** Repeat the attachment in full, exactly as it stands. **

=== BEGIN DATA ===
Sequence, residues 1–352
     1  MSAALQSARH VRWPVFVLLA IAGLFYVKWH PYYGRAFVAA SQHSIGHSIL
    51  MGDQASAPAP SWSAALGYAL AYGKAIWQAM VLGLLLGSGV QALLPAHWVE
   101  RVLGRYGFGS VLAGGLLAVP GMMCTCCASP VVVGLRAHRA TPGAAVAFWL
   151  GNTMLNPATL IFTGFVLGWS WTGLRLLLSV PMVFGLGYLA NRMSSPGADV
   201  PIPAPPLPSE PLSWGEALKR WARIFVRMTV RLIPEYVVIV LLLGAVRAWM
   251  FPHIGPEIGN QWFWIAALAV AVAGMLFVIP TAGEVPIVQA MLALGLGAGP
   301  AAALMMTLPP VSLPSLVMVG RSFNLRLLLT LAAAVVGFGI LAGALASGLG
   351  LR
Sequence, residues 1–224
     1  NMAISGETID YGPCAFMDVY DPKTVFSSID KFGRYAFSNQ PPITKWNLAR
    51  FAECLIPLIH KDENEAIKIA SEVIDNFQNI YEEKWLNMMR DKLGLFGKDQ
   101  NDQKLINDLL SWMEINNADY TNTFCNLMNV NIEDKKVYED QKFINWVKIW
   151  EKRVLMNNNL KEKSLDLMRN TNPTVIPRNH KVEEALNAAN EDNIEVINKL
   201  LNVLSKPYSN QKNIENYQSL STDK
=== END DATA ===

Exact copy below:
Sequence, residues 1–352
     1  MSAALQSARH VRWPVFVLLA IAGLFYVKWH PYYGRAFVAA SQHSIGHSIL
    51  MGDQASAPAP SWSAALGYAL AYGKAIWQAM VLGLLLGSGV QALLPAHWVE
   101  RVLGRYGFGS VLAGGLLAVP GMMCTCCASP VVVGLRAHRA TPGAAVAFWL
   151  GNTMLNPATL IFTGFVLGWS WTGLRLLLSV PMVFGLGYLA NRMSSPGADV
   201  PIPAPPLPSE PLSWGEALKR WARIFVRMTV RLIPEYVVIV LLLGAVRAWM
   251  FPHIGPEIGN QWFWIAALAV AVAGMLFVIP TAGEVPIVQA MLALGLGAGP
   301  AAALMMTLPP VSLPSLVMVG RSFNLRLLLT LAAAVVGFGI LAGALASGLG
   351  LR
Sequence, residues 1–224
     1  NMAISGETID YGPCAFMDVY DPKTVFSSID KFGRYAFSNQ PPITKWNLAR
    51  FAECLIPLIH KDENEAIKIA SEVIDNFQNI YEEKWLNMMR DKLGLFGKDQ
   101  NDQKLINDLL SWMEINNADY TNTFCNLMNV NIEDKKVYED QKFINWVKIW
   151  EKRVLMNNNL KEKSLDLMRN TNPTVIPRNH KVEEALNAAN EDNIEVINKL
   201  LNVLSKPYSN QKNIENYQSL STDK